AUGUSTA, Ga. (AP) Adam Hadwin is one of those rare Canadians who never played hockey.
Like all Canadians, he or she was rocked by a tragic coach crash that claimed 15 hails from his home country.
Hadwin, a native of Saskatchewan who else now lives near Vancouver, photo an even-par 72 Saturday within the third round of the Masters right after learning of the catastrophic wreck relating to the Humboldt Broncos, a junior handbags team on its way to a playoff sport.
” It demonstrates how short life is, ” Hadwin stated minutes after walking off the training course, just as the rain started dropping again on a gray, overcast time in Georgia. ” You need to value every moment. You need to appreciate the individuals around you. ”
The tractor-trailer truck slammed into a coach carrying the Broncos, a damage of such devastating proportions that the doctor compared it to an airstrike. The impact was especially serious in a vast but close-knit nation united by its love associated with hockey.
” All of us obviously don’ t have that lots of people, ” Hadwin said. ” When something like this happens, a lot of people are usually enveloped in that hockey world. This touched a lot of people, a lot of friends of individuals. It’ s difficult. ”
Hadwin, who was born within the western Canada town of Moose Jaw, did not play hockey we were young. He said his small dimension – even now, at age 30, he’ s just 5-foot-8 and 165 pounds – prompted his mother and father to steer him away from the particular rough, fast-paced game.
” I’ m actually disregarded Canadian, ” he quipped. ” But they still accept me occasionally. ”
As a kid, Hadwin stuck mostly to football and soccer. He didn’ to get serious about golf until this individual was a teenager, taking lessons through his father, who is a training professional. He went on to play Oughout. S. college golf at Louisville, earning his spot on the PGA Tour in 2015.
But Hadwin certainly understands the area that hockey holds in North america, and how much the country is influenced by a crash that also left fourteen people injured. The staggering cost is even more poignant on a group where the players are between sixteen and 20 years of age, presumably along with most of their lives still before them.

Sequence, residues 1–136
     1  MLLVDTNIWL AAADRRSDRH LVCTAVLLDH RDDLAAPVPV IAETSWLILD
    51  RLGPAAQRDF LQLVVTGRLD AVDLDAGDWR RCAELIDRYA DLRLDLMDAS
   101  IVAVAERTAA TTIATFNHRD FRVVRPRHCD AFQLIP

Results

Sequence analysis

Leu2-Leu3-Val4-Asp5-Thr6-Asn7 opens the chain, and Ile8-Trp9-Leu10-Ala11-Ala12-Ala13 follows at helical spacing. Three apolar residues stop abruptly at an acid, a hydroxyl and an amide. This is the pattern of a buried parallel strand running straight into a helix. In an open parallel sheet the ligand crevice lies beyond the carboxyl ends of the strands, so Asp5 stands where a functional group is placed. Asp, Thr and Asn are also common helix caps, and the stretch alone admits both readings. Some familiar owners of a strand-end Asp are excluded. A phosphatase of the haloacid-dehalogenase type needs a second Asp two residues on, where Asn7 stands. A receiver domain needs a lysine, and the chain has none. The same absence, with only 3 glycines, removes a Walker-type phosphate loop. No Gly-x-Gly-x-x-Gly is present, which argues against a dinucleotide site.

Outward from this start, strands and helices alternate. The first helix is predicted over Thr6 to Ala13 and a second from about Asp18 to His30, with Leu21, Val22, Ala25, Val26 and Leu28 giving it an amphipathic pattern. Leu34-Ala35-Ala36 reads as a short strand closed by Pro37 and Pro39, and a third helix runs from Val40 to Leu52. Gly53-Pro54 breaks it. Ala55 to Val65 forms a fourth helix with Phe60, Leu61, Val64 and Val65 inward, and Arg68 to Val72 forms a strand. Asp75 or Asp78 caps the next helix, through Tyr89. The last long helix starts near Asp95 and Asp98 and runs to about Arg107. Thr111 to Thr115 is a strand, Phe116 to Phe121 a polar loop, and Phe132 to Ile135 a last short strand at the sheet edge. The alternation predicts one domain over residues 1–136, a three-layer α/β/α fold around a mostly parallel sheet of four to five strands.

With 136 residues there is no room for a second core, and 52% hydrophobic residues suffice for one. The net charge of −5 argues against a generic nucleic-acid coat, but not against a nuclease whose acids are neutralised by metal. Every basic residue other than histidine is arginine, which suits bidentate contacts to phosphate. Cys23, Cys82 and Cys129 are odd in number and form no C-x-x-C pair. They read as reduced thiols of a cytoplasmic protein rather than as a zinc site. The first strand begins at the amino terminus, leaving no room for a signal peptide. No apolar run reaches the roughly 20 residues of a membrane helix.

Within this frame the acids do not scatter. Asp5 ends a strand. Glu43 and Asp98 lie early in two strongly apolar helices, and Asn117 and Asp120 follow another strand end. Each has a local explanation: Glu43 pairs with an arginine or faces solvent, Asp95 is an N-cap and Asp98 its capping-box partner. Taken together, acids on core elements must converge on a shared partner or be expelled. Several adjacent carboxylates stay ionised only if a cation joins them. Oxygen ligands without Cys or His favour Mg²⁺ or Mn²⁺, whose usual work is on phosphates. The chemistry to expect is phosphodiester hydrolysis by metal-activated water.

” This puts hockey into perspective, ” said Hadwin, a Vancouver Canucks fan who is playing the Experts for the second time. ” This puts golf into perspective. ”
Other sports joined up with the hockey world in a condition of mourning.
” Obviously this is something that transcends only one nation and one sport, ” stated John Axford, a reliever for your Toronto Blue Jays, who were within Texas to play the Rangers. ” There are people all over the world that are knowledge about these kids and their families plus their friends and the entire local community of Humboldt. It’ s difficult to talk about, in all honesty. ”
Axford remembered plenty of long tour bus rides playing youth baseball so that as he moved through the minor leagues. Even in the majors, teams require buses to get between the hotels as well as the stadiums while on the road.
” I was thinking about it last night within the bus on the way home from the online game, ” Axford said. ” Being an athlete, you spend a lot of time traveling to plus from events, and when you start actively playing in higher leagues, you’ lso are taking longer bus trips. That will bus becomes a second home, an additional locker room, a second place to suit your needs and your teammates and your brothers within arms there to learn, about one another, about the game, to talk, to chuckle, to just enjoy life.
” It really hits home. ”
AP freelance writers Jeff Miller and Sam Hunt in Arlington, Texas led to this report.
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